Defining the Key Roles and Competencies of the Clinician–Educator of the 21st Century: A National Mixed-Methods Study


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Abstract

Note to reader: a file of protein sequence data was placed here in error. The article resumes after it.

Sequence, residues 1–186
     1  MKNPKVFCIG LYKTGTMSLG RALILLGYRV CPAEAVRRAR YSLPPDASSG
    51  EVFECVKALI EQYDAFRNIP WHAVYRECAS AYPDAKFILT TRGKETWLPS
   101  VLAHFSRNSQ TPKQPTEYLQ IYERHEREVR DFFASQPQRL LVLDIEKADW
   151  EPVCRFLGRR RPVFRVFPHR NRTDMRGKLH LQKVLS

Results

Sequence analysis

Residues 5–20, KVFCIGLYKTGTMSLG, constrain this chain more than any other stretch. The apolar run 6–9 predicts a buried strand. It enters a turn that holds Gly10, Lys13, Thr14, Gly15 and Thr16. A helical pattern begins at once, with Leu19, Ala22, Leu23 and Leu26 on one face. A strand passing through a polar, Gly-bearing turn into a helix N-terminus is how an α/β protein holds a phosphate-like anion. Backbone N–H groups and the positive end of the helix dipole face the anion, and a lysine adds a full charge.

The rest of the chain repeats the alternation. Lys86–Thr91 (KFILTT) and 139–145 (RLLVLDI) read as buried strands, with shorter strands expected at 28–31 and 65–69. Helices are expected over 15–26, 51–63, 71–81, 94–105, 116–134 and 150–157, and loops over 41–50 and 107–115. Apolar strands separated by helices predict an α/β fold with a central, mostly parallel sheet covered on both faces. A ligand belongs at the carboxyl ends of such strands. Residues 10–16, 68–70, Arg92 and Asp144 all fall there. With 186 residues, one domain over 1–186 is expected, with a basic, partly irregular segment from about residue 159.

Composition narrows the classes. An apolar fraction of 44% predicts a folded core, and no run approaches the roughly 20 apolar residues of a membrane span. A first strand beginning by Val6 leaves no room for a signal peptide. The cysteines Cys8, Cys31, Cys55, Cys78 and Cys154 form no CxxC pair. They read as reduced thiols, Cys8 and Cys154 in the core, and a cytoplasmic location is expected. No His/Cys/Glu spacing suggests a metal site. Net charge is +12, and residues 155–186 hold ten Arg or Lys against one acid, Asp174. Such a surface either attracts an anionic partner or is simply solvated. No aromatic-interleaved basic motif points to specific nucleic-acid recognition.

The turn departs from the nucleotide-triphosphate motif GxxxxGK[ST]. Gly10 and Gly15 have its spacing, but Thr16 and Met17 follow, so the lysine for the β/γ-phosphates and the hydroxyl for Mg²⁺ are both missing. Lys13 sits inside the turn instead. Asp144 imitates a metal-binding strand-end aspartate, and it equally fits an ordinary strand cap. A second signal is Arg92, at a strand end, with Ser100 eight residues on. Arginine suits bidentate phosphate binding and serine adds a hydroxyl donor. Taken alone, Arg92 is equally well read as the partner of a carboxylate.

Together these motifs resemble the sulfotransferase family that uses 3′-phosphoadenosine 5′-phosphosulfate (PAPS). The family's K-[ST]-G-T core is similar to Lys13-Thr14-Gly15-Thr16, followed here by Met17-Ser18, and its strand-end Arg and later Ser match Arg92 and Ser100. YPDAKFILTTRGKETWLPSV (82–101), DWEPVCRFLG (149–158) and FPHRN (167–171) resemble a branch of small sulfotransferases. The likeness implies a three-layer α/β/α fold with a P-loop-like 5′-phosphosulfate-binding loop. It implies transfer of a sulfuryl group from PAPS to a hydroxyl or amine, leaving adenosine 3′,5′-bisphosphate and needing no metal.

PurposeTo determine a consensus definition of a clinician–educator and the related domains of competence.MethodDuring September 2010 to March 2011, the authors conducted a two-phase mixed-methods national study in Canada using (1) focus groups of deans of medicine and directors of medical education centers to define the attributes, domains of competence, and core competencies of clinician–educators using a grounded theory analysis, and (2) a survey of 1,130 deans, academic chairs, and residency program directors to validate the focus group results.ResultsThe 22 focus group participants described being active in clinical practice, applying theory to practice, and engaging in education scholarship—but not holding a particular administrative position—as essential attributes of clinician–educators. Program directors accounted for 68% of the 350 survey respondents, academic chairs for 19%, and deans for 13% (response rate: 31%). Among respondents, 85% endorsed the need for physicians with advanced training in medical education to serve as educational consultants. Domains of clinician–educator competence endorsed by >85% of respondents as important or very important were assessment, communication, curriculum development, education theory, leadership, scholarship, and teaching. With regard to training requirements, 55% endorsed a master’s degree in education as effective preparation, whereas 39% considered faculty development programs effective.ConclusionsOn the basis of this study's findings, the authors defined a clinician–educator as a clinician active in health professional practice who applies theory to education practice, engages in education scholarship, and serves as a consultant to other health professionals on education issues.

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